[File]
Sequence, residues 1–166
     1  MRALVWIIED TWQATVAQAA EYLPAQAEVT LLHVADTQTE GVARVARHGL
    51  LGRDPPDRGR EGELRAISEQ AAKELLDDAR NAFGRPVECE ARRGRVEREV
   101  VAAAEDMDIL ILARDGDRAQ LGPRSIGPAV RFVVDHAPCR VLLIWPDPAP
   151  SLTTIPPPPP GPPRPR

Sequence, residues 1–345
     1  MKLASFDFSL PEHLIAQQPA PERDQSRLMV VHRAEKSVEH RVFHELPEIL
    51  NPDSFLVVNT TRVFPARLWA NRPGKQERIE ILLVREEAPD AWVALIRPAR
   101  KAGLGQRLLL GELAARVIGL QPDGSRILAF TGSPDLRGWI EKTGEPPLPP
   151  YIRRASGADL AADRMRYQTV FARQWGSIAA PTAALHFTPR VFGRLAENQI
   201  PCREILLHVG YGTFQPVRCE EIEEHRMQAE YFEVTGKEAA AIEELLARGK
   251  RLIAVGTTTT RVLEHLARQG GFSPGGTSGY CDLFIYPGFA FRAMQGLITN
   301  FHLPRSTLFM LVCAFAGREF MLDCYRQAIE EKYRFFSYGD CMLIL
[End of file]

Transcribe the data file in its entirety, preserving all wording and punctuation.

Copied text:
Sequence, residues 1–166
     1  MRALVWIIED TWQATVAQAA EYLPAQAEVT LLHVADTQTE GVARVARHGL
    51  LGRDPPDRGR EGELRAISEQ AAKELLDDAR NAFGRPVECE ARRGRVEREV
   101  VAAAEDMDIL ILARDGDRAQ LGPRSIGPAV RFVVDHAPCR VLLIWPDPAP
   151  SLTTIPPPPP GPPRPR

Sequence, residues 1–345
     1  MKLASFDFSL PEHLIAQQPA PERDQSRLMV VHRAEKSVEH RVFHELPEIL
    51  NPDSFLVVNT TRVFPARLWA NRPGKQERIE ILLVREEAPD AWVALIRPAR
   101  KAGLGQRLLL GELAARVIGL QPDGSRILAF TGSPDLRGWI EKTGEPPLPP
   151  YIRRASGADL AADRMRYQTV FARQWGSIAA PTAALHFTPR VFGRLAENQI
   201  PCREILLHVG YGTFQPVRCE EIEEHRMQAE YFEVTGKEAA AIEELLARGK
   251  RLIAVGTTTT RVLEHLARQG GFSPGGTSGY CDLFIYPGFA FRAMQGLITN
   301  FHLPRSTLFM LVCAFAGREF MLDCYRQAIE EKYRFFSYGD CMLIL